On her second visit to Athens in less than two years on Friday, German Chancellor Angela Merkel pledged that the eurozone would discuss Greece’s debt sustainability later this year.
There was pleasant surprise among Greek government officials that Merkel made a public reference to the issue of talks on further debt relief as Athens thought that the chancellor would refrain from commenting on the topic.
“We will see what steps we have to take regarding the long-term sustainability of Greek debt,” Merkel said, while noting that this discussion would happen as the adjustment program comes to its conclusion at the end of this year.
She also referred to Greece’s return to international markets on Thursday, when it issued a 3-billion-euro five-year bond, as a “step in the right direction.”
The German chancellor further expressed satisfaction with Greece meeting its fiscal targets. “Greece has honored its pledges,” she said. “I hope that policy is continued.”
She insisted that the combination of austerity policies with structural reforms was the right approach to tackle the Greek crisis and that the country would soon begin to see its benefits. “I believe that after all these necessary reforms have been carried out – with more remaining – Greece will have more opportunities than difficulties,” said the German leader.
On his part, Prime Minister Antonis Samaras insisted that Greece would not need a third bailout program and that it would keep up efforts to restore its economy.
“My pace and that of my government will not change,” he said. “What has changed is the image, the psychology... markets have voted for Greece and given it their confidence.”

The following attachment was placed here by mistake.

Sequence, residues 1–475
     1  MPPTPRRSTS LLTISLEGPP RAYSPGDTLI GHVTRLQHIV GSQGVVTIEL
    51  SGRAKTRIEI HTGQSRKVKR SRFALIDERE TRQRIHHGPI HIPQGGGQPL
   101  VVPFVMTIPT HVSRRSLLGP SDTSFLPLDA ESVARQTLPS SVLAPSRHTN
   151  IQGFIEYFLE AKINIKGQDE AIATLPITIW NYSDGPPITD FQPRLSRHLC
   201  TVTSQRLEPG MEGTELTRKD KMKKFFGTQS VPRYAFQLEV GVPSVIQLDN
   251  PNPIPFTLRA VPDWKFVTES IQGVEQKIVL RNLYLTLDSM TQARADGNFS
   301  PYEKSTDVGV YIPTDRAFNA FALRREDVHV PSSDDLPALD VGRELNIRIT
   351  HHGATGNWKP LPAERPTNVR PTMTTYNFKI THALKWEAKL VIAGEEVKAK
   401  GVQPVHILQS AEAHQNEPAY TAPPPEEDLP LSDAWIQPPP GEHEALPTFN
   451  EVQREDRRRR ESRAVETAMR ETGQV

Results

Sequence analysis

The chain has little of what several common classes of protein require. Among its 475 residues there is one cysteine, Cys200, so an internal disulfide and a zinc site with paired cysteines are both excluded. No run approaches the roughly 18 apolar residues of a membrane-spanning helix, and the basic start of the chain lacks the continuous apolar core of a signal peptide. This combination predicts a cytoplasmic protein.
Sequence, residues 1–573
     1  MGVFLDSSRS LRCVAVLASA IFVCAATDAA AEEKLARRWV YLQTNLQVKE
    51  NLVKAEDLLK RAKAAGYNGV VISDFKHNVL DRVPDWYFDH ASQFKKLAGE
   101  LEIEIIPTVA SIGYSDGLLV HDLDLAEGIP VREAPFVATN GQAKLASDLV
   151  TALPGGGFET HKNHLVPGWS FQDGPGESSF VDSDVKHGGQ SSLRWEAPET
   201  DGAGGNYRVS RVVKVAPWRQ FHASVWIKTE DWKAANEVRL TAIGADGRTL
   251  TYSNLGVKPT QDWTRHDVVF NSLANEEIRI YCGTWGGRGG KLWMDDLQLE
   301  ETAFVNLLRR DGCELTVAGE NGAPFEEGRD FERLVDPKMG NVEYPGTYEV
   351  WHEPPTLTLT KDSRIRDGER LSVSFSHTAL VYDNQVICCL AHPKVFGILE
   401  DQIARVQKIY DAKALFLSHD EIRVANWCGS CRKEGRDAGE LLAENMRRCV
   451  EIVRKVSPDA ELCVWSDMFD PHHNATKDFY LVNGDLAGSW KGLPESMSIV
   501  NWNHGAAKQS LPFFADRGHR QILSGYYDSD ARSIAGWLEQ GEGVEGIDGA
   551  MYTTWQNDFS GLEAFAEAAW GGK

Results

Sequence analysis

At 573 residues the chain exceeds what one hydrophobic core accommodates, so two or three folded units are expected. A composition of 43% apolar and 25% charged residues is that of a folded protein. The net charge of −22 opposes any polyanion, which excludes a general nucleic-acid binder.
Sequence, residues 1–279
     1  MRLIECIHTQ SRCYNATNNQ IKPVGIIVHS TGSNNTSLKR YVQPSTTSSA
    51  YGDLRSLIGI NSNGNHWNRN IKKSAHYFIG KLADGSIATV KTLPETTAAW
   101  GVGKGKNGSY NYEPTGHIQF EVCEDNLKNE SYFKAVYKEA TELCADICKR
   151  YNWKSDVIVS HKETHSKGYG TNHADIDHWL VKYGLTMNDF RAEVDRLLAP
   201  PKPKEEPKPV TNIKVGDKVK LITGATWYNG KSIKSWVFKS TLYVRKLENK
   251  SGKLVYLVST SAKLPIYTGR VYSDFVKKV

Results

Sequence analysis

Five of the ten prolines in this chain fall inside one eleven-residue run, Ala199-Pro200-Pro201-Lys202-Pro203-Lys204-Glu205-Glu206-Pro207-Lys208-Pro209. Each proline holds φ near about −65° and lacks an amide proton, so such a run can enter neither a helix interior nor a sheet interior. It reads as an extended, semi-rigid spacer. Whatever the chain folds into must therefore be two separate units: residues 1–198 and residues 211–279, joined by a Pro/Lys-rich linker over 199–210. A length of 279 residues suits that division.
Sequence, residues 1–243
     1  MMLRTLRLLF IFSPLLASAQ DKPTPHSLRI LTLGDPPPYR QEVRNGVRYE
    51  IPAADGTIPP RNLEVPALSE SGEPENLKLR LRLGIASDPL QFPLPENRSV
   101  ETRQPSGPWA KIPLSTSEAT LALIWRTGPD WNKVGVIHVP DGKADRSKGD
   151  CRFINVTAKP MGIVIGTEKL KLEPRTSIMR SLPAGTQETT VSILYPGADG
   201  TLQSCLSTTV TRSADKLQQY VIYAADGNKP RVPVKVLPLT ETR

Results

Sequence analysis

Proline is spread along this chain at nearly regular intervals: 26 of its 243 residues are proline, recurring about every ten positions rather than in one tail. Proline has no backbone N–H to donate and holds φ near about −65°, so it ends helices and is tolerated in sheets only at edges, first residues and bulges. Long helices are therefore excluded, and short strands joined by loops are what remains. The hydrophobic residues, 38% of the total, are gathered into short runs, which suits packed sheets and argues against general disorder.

Sources said that during a meeting between the two leaders and Deputy Prime Minister Evangelos Venizelos the issue of the loan the Bank of Greece was forced to provide the Nazi regime with during the Second World War was discussed. It is the first time that this issue has been raised at such a high level. It was decided that Venizelos, who is also foreign minister, should take the matter up with his German counterpart Frank-Walter Steinmeier.
It was also decided on Friday that plans to create an investment fund in Greece with German participation would go ahead. The official announcements are expected on May 5 but sources said the two leaders agreed yesterday that the Institution for Growth in Greece (IfG) would initially finance small and medium-sized enterprises. Germany is to invest an initial amount of 100 million euros via its government-owned development bank KfW, which will also have a seat on the IfG’s board. The European Investment Bank and the French government are due to participate in the project too. France is also due to contribute 100 million euros but this has yet to be rubber-stamped due to a cabinet reshuffle in Paris.
Merkel’s visit prompted strong criticism from Greece’s leftist SYRIZA opposition, which accused the chancellor of trying to influence the result of May’s local and European elections. In an interview with daily newspaper Efimerida ton Syntakton, SYRIZA chief Alexis Tsipras said that Merkel’s visit was designed to give Samaras an election boost.
Tsipras, who did not meet with the Merkel during this or her last visit in October 2012, repeated his proposal for an international conference on Greek debt, along the lines of the 1953 London debt conference on Germany.